4.  THE IMPLICATIONS FOR UNIVERSITY SCIENCE TEACHING OF CHANGES IN THE WEIGHTINGS GIVEN TO SCIENCE SUBJECTS IN THE TEACHING FUNDING FORMULA

  4.1  This is almost a rhetorical question. Any change in relative weighting for a subject from 2.0 to 1.7 has to have a negative effect on that subject. It makes the retention of science more problematic for all universities and is insufficient to deliver appropriate courses in the long term.

5.  THE OPTIMAL BALANCE BETWEEN TEACHING AND RESEARCH PROVISION IN UNIVERSITIES, GIVING PARTICULAR CONSIDERATION TO THE DESIRABILITY AND FINANCIAL VIABILITY OF TEACHING-ONLY SCIENCE DEPARTMENTS

  5.1  The University is convinced that having a significant proportion of its staff active in research is critical to the vibrancy and attractiveness of its courses and its ability to attract and retain high quality staff. This is essential if, as an institution which is recognised for its leading role in widening participation, we are to give our students an appropriate educational experience.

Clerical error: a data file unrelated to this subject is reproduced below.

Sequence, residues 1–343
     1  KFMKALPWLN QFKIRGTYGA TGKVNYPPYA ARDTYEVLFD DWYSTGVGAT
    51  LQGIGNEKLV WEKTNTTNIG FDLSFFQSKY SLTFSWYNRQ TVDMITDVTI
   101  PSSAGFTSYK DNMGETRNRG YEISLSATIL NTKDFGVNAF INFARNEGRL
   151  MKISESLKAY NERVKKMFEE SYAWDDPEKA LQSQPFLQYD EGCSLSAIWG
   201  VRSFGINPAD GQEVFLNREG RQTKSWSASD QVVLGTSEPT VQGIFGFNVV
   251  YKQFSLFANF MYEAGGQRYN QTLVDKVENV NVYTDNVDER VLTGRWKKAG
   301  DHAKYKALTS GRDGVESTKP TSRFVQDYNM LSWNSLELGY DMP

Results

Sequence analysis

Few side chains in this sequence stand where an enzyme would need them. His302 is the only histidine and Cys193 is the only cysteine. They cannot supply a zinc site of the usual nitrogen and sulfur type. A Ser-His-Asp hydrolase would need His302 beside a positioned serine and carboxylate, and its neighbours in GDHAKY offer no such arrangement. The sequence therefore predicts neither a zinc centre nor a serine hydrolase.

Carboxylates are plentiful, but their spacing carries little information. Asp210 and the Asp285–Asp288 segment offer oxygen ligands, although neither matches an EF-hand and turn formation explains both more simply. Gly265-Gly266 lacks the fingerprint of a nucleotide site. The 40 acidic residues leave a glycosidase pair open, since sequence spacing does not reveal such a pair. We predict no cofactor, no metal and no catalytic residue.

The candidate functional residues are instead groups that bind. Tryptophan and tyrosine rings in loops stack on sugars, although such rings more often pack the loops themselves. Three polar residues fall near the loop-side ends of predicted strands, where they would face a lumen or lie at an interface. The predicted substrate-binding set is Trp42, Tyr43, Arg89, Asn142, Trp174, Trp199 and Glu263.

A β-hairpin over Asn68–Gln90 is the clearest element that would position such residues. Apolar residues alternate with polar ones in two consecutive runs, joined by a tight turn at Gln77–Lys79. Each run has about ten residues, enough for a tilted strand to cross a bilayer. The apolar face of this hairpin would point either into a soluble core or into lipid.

5.2  If one takes as a proxy for research funding the ranking generated by the Times Higher Educational Supplement from the 2001 Research Assessment Exercise, the "top 10" and "bottom 10" universities show the following characteristics:


Students from Private School
Students from Social Class IIIM, IV, V

Top 10
32%
14%
Bottom 10
15%
34%


  All the lower 10 are post-1992 universities, the upper 10 are all pre-1992. If there is to be any science teaching in the post-1992 universities it is essential that there is adequate funding for research so that those from social classes IIIM, IV and V, already often disadvantaged before reaching university are not further disadvantaged by being taught in a higher education wasteland devoid of staff able to challenge and stimulate them and in an atmosphere lacking in research, be it basic or applied. It will follow from this that this University does not accept the concept of a teaching-only science department.

6.  THE IMPORTANCE OF MAINTAINING A REGIONAL CAPACITY IN UNIVERSITY SCIENCE TEACHING AND RESEARCH